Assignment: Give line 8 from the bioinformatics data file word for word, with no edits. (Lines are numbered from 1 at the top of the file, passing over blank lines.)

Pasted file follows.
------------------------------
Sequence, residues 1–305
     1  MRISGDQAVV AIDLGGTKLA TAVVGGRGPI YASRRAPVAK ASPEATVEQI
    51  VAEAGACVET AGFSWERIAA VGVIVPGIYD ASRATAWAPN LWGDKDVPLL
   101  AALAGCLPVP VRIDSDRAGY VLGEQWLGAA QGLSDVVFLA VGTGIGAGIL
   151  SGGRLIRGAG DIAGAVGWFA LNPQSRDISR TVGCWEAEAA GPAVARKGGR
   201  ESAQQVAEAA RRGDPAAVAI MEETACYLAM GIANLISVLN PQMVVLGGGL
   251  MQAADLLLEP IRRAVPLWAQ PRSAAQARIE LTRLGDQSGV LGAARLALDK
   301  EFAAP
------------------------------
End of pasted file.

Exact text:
   301  EFAAP